(April 10) – “Any investors may think that they are protected from stormy markets by investing in a large-stock index fund. They couldn’t be more wrong,” writes Gretchen Morgenson in The Sunday New York Times.
“With the major market indexes lurching to the precipice and back, it is more important than ever that investors understand the limitations of index investing today. Although index funds provide an inexpensive way for investors to mirror the performance of broad market indexes like the Standard & Poor’s 500, the strategy has become increasingly risky in recent years. Because of the way these funds are put together, they are much less diversified than they used to be, making it important for investors to take a more active role in broadening their portfolios.
“‘By dint of their popularity, we can’t ignore indexes,’ said Anthony Maramarco, portfolio manager at the Babson Value fund in Cambridge, Mass. ‘But we also should realise that the widely publicised indexes haven’t for some time delivered on their claim of being a truly representative measure of stock market performance.’
“After years of soaring performance, investing on auto pilot has gone into a stall. Funds that try to reproduce the action of the S.& P. 500, by far the most popular of the index funds, were up only 2.13 percent, on average, in the first quarter. That is a far cry from the gains of 20 percent and more that investors in these funds have grown accustomed to seeing in recent years.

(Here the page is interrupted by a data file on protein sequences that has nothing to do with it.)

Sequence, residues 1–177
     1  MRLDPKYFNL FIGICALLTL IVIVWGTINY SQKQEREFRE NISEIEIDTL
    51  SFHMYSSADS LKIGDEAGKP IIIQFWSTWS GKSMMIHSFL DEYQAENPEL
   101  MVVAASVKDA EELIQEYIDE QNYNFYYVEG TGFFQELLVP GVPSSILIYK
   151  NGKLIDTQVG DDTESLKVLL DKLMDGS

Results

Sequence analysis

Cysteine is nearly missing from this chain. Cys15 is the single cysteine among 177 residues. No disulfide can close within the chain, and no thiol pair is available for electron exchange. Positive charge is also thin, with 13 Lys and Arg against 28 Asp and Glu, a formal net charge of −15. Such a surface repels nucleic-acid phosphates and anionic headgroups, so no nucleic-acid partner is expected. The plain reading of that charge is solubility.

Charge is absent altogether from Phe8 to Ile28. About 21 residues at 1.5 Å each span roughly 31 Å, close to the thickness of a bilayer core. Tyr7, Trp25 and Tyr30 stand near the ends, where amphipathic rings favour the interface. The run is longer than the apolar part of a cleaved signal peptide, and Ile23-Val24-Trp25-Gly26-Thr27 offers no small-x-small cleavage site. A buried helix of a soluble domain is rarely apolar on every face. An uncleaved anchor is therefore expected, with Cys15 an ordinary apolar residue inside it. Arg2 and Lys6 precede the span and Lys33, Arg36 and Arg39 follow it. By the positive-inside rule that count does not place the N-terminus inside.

“With returns on index funds so low, it is not that surprising that the flood of money into them has slowed significantly. Lipper Inc. estimates that $2.6 billion went into S.& P. 500 index funds in January, less than half the $6 billion during the corresponding month of 1999. And February saw an even greater falloff in cash flows: just $300 million, compared with $4.4 billion in the month a year earlier.
“Still, these mutual funds remain home to a huge chunk of investor assets. More than $228 billion was in S.& P. 500 index funds as of the end of February, Lipper said. Although investors are putting fresh money elsewhere — mostly into technology stock funds — they still have plenty of their eggs in the index fund basket. As gains in the major indexes have slowed, or reversed, many money managers have been finding the S.& P. 500 an easy benchmark to beat. According to Morningstar Inc., nearly two-thirds of diversified mutual funds investing in United States stocks are outperforming S.& P. 500 index funds this year. That is quite a turnabout. Three years ago, only 11 percent of mutual fund managers beat the index.
“All of this makes it a very good time to reassess the index fund phenomenon. Index funds have much going for them, but they have downsides as well. Perhaps the biggest problem is the idea that an investment in an S.& P. 500 index fund is an investment in the broadly diversified overall market. Because of the way most stock indexes are constructed, funds that mimic them have heavier weightings in some sectors than in others. This makes them much riskier than a more diversified portfolio.”